A new calendar means a blank slate of opportunity for self-improvement, and an entire year to accomplish it. According to Inc., saving more money was among the most popular New Year’s resolutions for 2019, just behind heathy eating, exercise and weight loss. Not surprisingly, the same study found that only eight percent of us are successful in sticking with those plans.
Fortunately, the calendar change often means increased opportunities to save more, especially for the long term. Of course, you’ll want to consult with an accountant, tax professional or financial advisor to figure out what’s best for you, but it may be helpful to understand what changes you might benefit from first in order to best prepare for those conversations.
In November, the IRS announced an increase in the annual amount employees can contribute to 401(k), 403(b), and similar plans, from $18,500 to $19,000. This amount is before your employer’s match. Also, employees older than 50 can make a catch-up contribution of $6,000, which is unchanged from 2018.
The IRS also increased the contribution limit on IRA accounts from $5,500 to $6,000. At the same time, they raised the income limits for contributing to a Roth IRA and for being able to deduct contributions to a traditional IRA. Phase out limits vary by IRA type and filing status, but the information is readily available on the IRS website.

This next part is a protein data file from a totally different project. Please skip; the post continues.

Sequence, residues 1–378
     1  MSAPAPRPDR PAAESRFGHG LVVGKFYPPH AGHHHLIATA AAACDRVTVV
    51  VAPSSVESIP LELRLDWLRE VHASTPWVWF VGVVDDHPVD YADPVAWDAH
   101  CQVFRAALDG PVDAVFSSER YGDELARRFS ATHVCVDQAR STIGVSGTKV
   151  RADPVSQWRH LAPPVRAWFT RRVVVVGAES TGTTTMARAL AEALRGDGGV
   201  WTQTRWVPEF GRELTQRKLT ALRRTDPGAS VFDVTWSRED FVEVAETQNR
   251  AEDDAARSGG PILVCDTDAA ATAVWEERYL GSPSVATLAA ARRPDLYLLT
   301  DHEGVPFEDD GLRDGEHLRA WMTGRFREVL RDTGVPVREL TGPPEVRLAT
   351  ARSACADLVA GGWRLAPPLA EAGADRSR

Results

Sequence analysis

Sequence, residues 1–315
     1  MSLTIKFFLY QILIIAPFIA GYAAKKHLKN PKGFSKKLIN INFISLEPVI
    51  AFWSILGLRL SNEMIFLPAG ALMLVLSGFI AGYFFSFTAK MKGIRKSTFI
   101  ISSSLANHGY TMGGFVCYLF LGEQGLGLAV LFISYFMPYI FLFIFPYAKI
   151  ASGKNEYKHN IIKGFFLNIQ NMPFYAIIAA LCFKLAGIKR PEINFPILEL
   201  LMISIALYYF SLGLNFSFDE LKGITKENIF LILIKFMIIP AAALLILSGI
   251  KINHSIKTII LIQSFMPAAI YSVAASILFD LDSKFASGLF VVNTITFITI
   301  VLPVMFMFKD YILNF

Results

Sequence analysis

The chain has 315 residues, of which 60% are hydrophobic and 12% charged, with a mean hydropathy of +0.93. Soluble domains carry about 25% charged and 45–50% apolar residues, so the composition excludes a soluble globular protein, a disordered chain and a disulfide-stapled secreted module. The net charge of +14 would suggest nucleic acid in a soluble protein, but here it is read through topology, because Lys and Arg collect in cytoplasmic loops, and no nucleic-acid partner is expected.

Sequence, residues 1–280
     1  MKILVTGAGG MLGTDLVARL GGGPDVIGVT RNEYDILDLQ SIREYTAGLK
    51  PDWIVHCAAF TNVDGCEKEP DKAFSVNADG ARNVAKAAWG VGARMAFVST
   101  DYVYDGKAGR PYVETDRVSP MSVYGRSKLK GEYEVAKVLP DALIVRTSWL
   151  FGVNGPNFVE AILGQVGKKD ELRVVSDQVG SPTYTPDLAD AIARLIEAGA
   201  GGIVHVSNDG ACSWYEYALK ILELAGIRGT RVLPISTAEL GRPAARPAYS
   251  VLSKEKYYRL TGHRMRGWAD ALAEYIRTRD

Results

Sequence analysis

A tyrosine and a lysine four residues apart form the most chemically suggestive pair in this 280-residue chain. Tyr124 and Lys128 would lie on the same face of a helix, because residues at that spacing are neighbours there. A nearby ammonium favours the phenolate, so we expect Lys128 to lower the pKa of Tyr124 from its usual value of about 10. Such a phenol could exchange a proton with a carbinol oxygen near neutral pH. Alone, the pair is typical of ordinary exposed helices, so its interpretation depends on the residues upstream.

Another increasingly popular savings vehicle is the Health Savings Account, which may offer the triple benefit of tax-deductible contributions, and tax-exempt growth and withdrawals. For 2019, the contribution limits for HSA accounts have been increased, to $3,500 for individuals or $7,000 for families. You need to be in a high-deductible health plan to qualify, but many people are now eligible for them.
If you’re already contributing to any of these plans, it might be worth it to increase your regular contributions to get the most of the higher limits. Even if you weren’t contributing the maximum already, using an upcoming raise, bonus or tax refund might be a great way to get you closer to it. If you aren’t already contributing, the best way to start is by automating small, regular contributions to those plans. Your 401(k) already works this way, but you can easily set up recurring transfers to most IRA and HSA plans, too.
No matter which tools you find work best for your long-term plans, it’s always important to stay on top of the changes that are made to them each year.
— Joe Mecca, vice president for communications, Coastal Credit Union